Children with oral clefts exhibit a wide range of dental anomalies, making it difficult to understand the phenotypic spectrum of orofacial clefting. However, there is mixed evidence, based on small samples, as to whether the prevalence of dental anomalies is elevated in unaffected relatives.
A number of researchers, including Brian J. Howe, Margaret E. Cooper, Alexandre R. Vieira, Seth M. Weinberg, Judith Resick, Nichole Nidey, George L. Wehby, Mary L. Marazita, and Lina Moreno Uribe, set out to conduct the largest international cohort to date of children with nonsyndromic clefts, their relatives, and controls. The study, titled “Spectrum of Dental Phenotypes in Nonsyndromic Orofacial Clefting,” was published recently by the International and American Associations of Dental Research (IADR/AADR) and appears in the Journal of Dental Research.
The study characterizes the spectrum of cleft-related dental anomalies and evaluates whether families with clefting have a significantly higher risk for such anomalies compared to the general population. The study looked at a total of 3,811 individuals, of which 660 cases were clefts; 1,922 unaffected relatives; and 1,229 controls.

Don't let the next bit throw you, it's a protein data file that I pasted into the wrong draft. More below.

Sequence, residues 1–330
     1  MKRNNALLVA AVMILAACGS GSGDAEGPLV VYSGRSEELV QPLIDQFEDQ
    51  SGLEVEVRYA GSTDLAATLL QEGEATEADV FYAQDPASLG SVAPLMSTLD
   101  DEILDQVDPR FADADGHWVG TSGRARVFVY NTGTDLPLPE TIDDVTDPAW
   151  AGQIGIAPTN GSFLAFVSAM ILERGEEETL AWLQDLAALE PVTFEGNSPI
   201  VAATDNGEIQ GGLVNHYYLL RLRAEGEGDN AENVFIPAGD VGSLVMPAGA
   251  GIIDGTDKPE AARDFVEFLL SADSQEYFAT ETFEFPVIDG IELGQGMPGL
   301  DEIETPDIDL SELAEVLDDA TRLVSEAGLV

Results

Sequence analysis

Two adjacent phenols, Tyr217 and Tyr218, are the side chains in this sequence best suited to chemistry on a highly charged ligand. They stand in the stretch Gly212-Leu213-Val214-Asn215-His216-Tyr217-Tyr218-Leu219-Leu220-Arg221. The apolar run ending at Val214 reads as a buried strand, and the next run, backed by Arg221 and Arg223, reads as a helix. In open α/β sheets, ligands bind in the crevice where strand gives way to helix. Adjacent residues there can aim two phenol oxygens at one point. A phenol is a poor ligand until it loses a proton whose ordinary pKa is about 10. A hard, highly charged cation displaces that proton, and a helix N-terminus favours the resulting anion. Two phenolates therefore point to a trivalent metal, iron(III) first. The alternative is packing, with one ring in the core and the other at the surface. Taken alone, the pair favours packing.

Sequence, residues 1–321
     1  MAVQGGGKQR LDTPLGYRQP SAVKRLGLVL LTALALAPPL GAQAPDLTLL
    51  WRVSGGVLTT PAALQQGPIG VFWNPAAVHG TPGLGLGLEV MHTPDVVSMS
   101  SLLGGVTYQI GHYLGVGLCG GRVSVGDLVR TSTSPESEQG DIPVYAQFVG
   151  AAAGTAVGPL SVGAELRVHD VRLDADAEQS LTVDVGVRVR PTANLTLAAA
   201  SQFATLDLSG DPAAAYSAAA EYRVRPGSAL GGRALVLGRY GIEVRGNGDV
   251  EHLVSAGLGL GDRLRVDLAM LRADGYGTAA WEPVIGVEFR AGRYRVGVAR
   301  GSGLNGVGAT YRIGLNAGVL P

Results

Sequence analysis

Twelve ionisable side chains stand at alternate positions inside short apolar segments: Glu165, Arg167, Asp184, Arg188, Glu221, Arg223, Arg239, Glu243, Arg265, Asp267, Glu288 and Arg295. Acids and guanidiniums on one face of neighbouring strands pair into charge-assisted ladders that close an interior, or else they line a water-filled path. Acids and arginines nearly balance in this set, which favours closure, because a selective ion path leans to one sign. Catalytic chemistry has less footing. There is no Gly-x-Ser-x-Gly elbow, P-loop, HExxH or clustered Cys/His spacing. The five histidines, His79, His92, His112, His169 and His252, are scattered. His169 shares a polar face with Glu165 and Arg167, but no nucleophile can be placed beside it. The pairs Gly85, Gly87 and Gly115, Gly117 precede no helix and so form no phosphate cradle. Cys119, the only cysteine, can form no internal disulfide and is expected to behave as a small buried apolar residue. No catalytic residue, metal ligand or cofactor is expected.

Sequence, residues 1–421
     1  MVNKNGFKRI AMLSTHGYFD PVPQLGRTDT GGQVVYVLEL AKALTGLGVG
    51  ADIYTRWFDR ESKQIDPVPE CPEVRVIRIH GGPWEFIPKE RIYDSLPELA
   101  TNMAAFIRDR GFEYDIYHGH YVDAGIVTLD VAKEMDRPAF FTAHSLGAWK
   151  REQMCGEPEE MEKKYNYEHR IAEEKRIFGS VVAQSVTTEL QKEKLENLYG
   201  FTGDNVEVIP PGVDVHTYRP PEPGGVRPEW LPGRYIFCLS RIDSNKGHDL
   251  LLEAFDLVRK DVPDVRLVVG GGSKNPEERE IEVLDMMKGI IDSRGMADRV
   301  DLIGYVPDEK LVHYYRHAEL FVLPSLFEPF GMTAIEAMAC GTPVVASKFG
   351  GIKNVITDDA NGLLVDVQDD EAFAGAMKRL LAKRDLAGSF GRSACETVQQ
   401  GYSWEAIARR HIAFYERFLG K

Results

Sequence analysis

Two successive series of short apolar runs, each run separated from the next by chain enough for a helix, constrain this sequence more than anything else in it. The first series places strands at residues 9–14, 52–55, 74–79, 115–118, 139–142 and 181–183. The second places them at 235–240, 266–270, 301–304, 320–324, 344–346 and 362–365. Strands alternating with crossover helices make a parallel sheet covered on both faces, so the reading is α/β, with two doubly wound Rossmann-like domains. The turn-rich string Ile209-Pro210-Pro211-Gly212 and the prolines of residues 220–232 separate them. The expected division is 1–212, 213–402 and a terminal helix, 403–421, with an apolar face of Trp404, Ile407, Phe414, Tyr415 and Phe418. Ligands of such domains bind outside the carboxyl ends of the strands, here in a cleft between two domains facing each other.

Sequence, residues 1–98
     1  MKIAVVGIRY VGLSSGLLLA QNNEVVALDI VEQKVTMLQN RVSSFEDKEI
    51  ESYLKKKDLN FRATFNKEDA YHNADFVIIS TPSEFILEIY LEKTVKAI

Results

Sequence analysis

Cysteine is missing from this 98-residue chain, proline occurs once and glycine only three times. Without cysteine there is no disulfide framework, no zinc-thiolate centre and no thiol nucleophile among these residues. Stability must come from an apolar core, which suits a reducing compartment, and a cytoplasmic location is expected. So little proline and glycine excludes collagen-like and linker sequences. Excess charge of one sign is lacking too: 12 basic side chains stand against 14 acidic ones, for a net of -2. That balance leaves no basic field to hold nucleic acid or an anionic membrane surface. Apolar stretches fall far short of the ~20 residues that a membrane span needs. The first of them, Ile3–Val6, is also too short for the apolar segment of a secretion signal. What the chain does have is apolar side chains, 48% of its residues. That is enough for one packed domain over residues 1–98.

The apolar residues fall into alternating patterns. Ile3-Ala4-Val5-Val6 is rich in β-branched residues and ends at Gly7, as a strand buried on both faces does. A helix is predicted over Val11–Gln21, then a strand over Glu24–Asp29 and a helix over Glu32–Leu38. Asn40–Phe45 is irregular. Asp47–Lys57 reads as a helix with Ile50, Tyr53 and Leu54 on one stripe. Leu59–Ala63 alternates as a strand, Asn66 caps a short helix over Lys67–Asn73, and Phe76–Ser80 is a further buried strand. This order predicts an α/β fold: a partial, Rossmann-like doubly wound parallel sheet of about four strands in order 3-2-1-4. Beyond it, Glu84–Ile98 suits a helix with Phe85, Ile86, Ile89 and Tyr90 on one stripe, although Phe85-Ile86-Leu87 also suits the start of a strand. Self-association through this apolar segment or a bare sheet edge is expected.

Dental anomalies were identified from in-person dental exams or intraoral photographs, and case-control differences were tested using chi-square statistics. Cases had higher rates of dental anomalies in the maxillary arch than controls for primary and permanent dentitions but not in the mandible. Dental anomalies were more prevalent in cleft lip with cleft palate than other cleft types.
More anomalies were seen on the same side of the cleft. Failure of tooth formation and tooth displacements were the most common dental anomalies found in cases. Compared to controls, unaffected siblings and parents showed a trend for increased anomalies of the maxillary permanent dentition. Yet, these differences were nonsignificant after multiple-testing correction, suggesting genetic heterogeneity in some families carrying susceptibility to both overt clefts and dental anomalies.
According to the study, the findings collectively suggest that most affected families do not have higher genetic risk for dental anomalies than the general population and that the higher prevalence of anomalies in cases is primarily a physical consequence of the cleft and surgical interventions.